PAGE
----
He noted that the "extreme pace of rate hikes caught a lot of investors off guard. We see parallels to 1994 in that regard when I started the firm."
In addition to rate movements, Mr. Vranos said "the mortgage market has lost its two biggest buyers – banks and the Fed. Together they own nearly two-thirds of the market now," he said, adding that "banks are under pressure from losses on their securities and deposit flight to higher-yielding alternatives. The biggest buyers stepping back means less demand, putting upward pressure on spreads."
Ellington's investment teams managed a total of $9.7 billion as of Oct. 1 in three main strategies: diversified credit; mortgage prepayment relative value; and index-based traditional mandate solution portfolios for select institutional clients.
Mr. Vranos offered two examples of what the firm is investing in now.
"We are in an environment of higher rates and higher spreads creating incredibly attractive yields in structured credit for investors," Mr. Vranos said, noting AAA yields that are six to seven times more than they were two years ago. "It's just a completely different opportunity set as investors are considering the asset class."
Ellington's investment team also "can earn double-digit yields before leverage on seasoned mortgage credit bonds that would survive financial crisis-level defaults and home price declines," Vranos said, adding "we're talking about creditworthy borrowers who refinanced in 2020 and 2021 now with 50% of their equity in their homes and a sub-3% rate."
Vranos said interest from new institutional investors is high, stressing "we are seeing greater demand for our strategies from our clients, the vast majority of which are institutional because of higher rates and higher spreads for fundamentally sound assets."
"We've been in these markets for 30 years. We're not tourists," he stressed.
"We understand the return distribution around these assets, how to think about risk and return, along with technology and modeling experience to underwrite each individual asset to the benefit of investors," he said, adding "for asset owners, these market changes are an obvious opportunity."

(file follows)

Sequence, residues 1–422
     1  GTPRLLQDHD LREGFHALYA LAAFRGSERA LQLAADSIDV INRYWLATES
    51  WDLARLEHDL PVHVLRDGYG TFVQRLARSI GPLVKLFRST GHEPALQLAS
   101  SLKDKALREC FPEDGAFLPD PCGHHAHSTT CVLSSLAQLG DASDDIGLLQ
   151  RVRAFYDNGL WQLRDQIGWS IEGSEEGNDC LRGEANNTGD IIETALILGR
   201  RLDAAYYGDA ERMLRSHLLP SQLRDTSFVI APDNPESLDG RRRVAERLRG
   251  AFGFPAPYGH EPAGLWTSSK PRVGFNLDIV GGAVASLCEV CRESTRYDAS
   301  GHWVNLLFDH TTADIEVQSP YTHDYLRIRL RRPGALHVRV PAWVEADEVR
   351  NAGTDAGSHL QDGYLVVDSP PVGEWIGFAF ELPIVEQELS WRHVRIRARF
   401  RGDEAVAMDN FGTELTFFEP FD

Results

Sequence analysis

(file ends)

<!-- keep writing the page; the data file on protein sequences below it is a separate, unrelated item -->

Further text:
Vranos said the company "has seen very strong, incredible interest and investing in the firm with a growing number of insurance company investors that, like other asset owners, are looking for portfolio safety."
"The insurance company bid has become increasingly significant in providing a diversification of capital sources for structured products, including non-qualified loans, and therefore want to take advantage of higher interest rates and are seeking longer-term mortgages and residential whole loans more broadly," Vranos said. He observed that "the residential loan market is massive. We are seeing more insurance companies turning to the asset class."
"Insurers have long-term liabilities and therefore want to take advantage of higher interest rates and are seeking longer-term debt," Vranos said, noting that "insurance companies are turning to asset managers like Ellington which have built platforms to manage the loans and deep analysis of loan portfolios."
Ellington Management's insurance solutions group manages about $1.8 billion of funding and commitments of the firm's total AUM.